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The Quick 10: Santa Monica Pier

One of the things I really loved about L.A. is how easy it is to transport yourself to a totally different environment. One day I was hanging out at the same hotel Marilyn Monroe once lived in and thinking about how I wasn't cool enough to be enjoying a super overpriced drink at the Tropicana; the next day I was eating a hot dog and going barefoot in the sand at the Santa Monica Pier. Maybe that's not that impressive to most of you, but when you come from the midwest, you don't transition scenery that fast. If you want a beach, you have to hop on a plane and travel several hours. Unless you count lake beaches, which totally aren't the same thing. Um. All of this rambling is my longwinded way of saying that today's Quick 10 L.A. Week post is about the historic Santa Monica Pier (and area).

sign1. Open since September 9, 1909, the Santa Monica Pier was originally anything but fun and carefree. It actually served the very practical purpose of carrying sewage out past the breakers. So when they advertise that they're celebrating 100 years of the Santa Monica Pier this year, what they are really saluting is 93 years of fun and entertainment and seven years of poo disposal. I kid... sort of. It was made for sewage, but even so, people were flocking to it even since 1909.

2. The second, adjoining pier was built in 1916 and has been known by three different names, which I'll probably use interchangeably. When it was first built by amusement park magnate Charles Looff - he built the first Coney Island Carousel in 1876 - it was known as the Looff Pier. At some point people started calling it Newcomb Pier and then the Pleasure Pier (as opposed to the municipal poo pier). I'm not sure that anyone actually designates between the two piers these days; at least from a non-Californian's perspective, the whole kit and caboodle is just referred to as Santa Monica Pier.

carousel3. Since Charles Looff brought Coney Island its first carousel, it's fitting that he was responsible for the Santa Monica Pier's first carousel as well. The wooden carousel with 44 hand carved horses - no two are alike - has been housed in the Looff Hippodrome since 1922. The building has been there since the pier opened in 1916. After many years of use, both the building and the carousel were found to be in dire need of repairs when the city conducted an inspection in the late '70s. The Hippodrome was scraped all the way down to bare wood and given a new coat of stucco; the carousel was meticulously taken apart piece by piece, then cleaned and repaired and put back together perfectly. People had actually lived on the floor above the carousel until 1974 when a fire forced them out, but when the building was put back together, the floor above the ride was restored. Office workers now occupy the second floor. Another fun fact: Wwen the carousel was fixed, the restoration artists discovered that one of the horses has a paper bag for a hoof - it was just crumpled up and just covered with several coats of wood putty.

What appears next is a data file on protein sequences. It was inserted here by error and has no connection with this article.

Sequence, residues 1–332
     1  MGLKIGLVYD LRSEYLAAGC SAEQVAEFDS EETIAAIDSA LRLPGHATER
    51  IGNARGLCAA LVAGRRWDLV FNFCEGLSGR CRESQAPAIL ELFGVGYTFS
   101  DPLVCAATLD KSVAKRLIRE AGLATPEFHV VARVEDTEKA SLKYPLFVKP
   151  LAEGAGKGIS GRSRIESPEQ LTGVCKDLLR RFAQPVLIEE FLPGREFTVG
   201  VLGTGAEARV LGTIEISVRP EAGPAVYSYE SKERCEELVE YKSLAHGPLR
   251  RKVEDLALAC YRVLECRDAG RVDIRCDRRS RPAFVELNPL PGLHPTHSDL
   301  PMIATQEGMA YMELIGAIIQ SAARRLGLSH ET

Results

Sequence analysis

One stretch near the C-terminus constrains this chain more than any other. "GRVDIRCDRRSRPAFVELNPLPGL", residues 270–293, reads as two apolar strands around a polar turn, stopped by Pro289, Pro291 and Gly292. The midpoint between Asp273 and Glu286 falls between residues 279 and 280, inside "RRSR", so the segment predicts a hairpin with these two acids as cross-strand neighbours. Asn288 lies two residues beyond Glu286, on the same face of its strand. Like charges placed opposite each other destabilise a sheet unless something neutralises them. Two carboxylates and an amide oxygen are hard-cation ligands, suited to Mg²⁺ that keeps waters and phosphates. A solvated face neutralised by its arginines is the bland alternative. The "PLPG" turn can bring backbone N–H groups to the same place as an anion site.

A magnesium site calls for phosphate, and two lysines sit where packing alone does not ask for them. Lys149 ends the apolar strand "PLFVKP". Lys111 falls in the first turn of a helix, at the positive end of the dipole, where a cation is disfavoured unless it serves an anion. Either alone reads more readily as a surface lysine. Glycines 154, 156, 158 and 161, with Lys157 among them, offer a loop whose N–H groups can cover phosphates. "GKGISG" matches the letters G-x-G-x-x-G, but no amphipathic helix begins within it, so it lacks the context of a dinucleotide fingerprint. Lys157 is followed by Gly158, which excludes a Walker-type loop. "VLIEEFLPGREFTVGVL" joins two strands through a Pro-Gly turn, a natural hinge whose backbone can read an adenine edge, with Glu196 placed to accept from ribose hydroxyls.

4. The original Muscle Beach used to be located just south of the Santa Monica Pier. From the 1930s to the end of the 1950s, when people were talking about Muscle Beach, they were talking about the one in Santa Monica. It was especially known for its tumbling platform and gymnastics equipment, and people would wander away from the actual attractions on the pier to see what was going on with the athletes on the shore. This made the pier vendors none too happy; that coupled with the huge crowds and rumors of bodybuilders hooking up with underage girls caused the city to shut it down for a while. It returned without a tumbling platform. Obviously now feeling unwanted in Santa Monica, weightlifters headed down the shore to Venice, where the L.A. Parks and Recreation Department had plenty of barbells and weights were available. Venice has been the home of "Muscle Beach" ever since. Santa Monica has recently erected a sign claiming "The Original Muscle Beach" and still tends to attract people wanting to practice acrobatics and gymnastics while Muscle Beach Venice attracts the Arnold-type jocks. Joe Gold and Jack LaLanne were two of the original Muscle Beach's early regulars.

5. The La Monica Ballroom opened on the pier in 1924 and was the largest ballroom in America, able to hold more than 10,000 dancers. In 1926, a huge storm rolled in and almost devastated the whole pier and did enough damage to the ballroom that the whole thing had to be renovated. In the '50s it was home to a bunch of dance shows and radio broadcasts and was one of the nation's biggest skating rink from 1958-1962, when it was finally torn down.